What does your life outside WEA look like? Here in the Bay Area, I spend time with my family, listen to NPR podcasts, hang out with friends, and work at a bakery in the city on weekends!

What’s your favorite thing to do in the Bay Area? I love exploring new places to eat. There are so many great restaurants in both the city and across the bay, and I love trying new foods. Send any suggestions my way!

What are you currently reading / watching / listening to? Currently reading SPQR by Mary Beard, watching Jane the Virgin (I haven’t finished Season 1 yet but I’m getting there!), and listening to Planet Money podcasts when I exercise. It’s a great distraction!

The Original Loom this Mother’s Day

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Each Mother’s Day, we lift up and celebrate the work of mothers and community caregivers around the world. It is no easy task to nurture children, birth movements, or protect our shared future on Earth.

We know that you share our vision that through women’s leadership we can create a future of balance, health, and peace for our world, and we never forget that your partnership is making this vision possible — today and throughout our decade. This Mother’s Day, with your support, WEA’s carefully planted seeds can bloom.

WEA Project Lead Sunita Rao is the Director of Vanastree Collective and Project Lead for our Seeds of Resilience Project in Karnataka, India. Sunita’s work ensures that rural women leaders and small-scale forest home gardeners in one of the most richly biodiverse and therefore severely threatened regions of southern India can advocate for their rights, promote indigenous climate-resilient seed saving practices, and support climate adaptation and mitigation.

Sunita Rao teaching a group remotely about Indigenous seeds and the Vanastree seed bank to preserve this knowledge.

In her own reflection on what it means to nurture and protect, Sunita shared:

“Women…are able to sense the pulse of things in the natural world, which cannot be explained by words. It seems to happen almost by instinct, by an ancient calling that is written into their genetic code.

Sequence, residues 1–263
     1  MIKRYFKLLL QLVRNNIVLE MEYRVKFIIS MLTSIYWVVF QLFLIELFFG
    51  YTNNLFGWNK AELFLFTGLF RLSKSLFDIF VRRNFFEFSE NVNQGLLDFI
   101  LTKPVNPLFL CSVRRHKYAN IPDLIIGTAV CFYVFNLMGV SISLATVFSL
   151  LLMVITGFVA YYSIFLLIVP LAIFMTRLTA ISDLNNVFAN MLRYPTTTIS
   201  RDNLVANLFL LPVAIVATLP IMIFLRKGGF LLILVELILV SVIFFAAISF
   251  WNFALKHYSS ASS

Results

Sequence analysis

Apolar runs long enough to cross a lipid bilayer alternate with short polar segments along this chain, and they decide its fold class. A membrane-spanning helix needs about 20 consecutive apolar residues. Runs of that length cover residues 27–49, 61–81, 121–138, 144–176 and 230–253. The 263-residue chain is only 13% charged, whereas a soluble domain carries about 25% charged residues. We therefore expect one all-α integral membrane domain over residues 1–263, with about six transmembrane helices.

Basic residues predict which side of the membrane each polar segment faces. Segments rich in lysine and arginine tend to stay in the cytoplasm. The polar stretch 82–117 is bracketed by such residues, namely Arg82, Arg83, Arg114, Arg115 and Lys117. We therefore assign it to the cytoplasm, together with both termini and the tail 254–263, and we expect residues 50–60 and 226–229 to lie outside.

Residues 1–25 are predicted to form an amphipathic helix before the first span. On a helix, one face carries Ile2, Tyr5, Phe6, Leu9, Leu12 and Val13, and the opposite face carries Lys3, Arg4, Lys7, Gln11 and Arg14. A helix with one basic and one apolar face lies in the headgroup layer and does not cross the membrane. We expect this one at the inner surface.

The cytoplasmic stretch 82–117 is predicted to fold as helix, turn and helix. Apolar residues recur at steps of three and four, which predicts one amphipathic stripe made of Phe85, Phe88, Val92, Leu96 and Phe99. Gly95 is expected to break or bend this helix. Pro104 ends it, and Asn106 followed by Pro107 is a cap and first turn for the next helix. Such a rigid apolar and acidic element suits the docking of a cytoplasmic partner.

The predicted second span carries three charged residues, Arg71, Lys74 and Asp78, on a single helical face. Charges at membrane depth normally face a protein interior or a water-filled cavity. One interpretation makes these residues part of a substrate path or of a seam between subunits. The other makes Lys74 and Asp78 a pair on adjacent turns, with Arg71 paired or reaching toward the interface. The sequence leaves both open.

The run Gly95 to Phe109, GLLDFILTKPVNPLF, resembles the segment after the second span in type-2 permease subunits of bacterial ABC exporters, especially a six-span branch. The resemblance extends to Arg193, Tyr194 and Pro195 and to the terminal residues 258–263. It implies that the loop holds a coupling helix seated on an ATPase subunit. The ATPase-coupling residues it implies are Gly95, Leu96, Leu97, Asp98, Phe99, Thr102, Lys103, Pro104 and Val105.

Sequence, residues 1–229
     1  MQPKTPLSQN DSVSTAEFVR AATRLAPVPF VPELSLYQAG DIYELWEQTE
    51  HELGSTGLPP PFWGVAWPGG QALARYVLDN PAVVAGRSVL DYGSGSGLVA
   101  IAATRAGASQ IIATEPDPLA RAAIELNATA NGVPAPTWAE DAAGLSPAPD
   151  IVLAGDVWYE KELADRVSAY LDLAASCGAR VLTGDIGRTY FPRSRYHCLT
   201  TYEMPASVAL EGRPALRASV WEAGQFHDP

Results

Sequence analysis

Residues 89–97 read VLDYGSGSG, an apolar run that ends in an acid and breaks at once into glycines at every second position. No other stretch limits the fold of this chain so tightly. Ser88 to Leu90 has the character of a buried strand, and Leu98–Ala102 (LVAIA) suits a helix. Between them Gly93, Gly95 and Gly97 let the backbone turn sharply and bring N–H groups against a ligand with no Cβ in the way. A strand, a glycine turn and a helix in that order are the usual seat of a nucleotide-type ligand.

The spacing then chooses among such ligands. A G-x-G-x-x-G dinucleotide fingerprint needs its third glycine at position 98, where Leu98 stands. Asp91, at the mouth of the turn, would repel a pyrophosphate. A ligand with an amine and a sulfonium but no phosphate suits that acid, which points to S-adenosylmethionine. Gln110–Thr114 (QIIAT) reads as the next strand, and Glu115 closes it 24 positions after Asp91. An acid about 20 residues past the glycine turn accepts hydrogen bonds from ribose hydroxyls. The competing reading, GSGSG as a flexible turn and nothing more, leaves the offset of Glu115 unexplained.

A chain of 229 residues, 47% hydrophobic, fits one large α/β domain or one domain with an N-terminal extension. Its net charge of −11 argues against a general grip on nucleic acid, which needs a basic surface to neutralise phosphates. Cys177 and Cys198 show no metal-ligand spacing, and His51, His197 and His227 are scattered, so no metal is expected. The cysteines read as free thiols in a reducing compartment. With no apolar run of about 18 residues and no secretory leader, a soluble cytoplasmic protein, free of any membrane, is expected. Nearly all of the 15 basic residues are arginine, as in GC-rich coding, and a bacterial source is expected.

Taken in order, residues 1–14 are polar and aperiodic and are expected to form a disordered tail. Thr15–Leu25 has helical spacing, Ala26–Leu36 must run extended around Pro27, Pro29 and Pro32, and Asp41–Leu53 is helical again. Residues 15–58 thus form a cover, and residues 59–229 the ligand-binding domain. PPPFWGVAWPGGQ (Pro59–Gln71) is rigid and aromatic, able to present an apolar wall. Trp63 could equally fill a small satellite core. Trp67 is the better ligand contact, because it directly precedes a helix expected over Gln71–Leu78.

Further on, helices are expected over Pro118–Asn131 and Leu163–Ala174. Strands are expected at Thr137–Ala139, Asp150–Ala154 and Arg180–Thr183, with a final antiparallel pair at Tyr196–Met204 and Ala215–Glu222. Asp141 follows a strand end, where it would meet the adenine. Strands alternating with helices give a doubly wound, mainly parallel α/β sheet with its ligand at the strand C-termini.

[It is] the feeling that happens to each of us as we touch our foreheads to the earth — the prostration is almost by reflex, unthinking, something you are so used to. Yet, each time there is that something that sparks off a connection to the Other, that almost gives you the power to be invincible while bringing that keen awareness that you are but a humble drop.

If you remember, that is — remember where the Source is, where the original loom where your own fabric was woven came from.

We are being bombarded by change that has made social and ecological refugees of many of us. In these dark times, the hope lies in the original memory of who we really are, in the primordial bond that connects us to the earth, in what we as women are capable of and…in keeping the sacred alive.

For it is this that will continue to nurture where all else fails. And this is what we must uphold, celebrate, and bring forth over and over again.”

In honor of our mothers — and all the unstoppable women in our lives — we invite you to make a tax-deductible contribution today. Stand with us and with leaders like Sunita as we remember the connection to our original loom, and preserve this hope for future generations.

From our hearts to yours, we wish you all the happiest of Mother’s Days!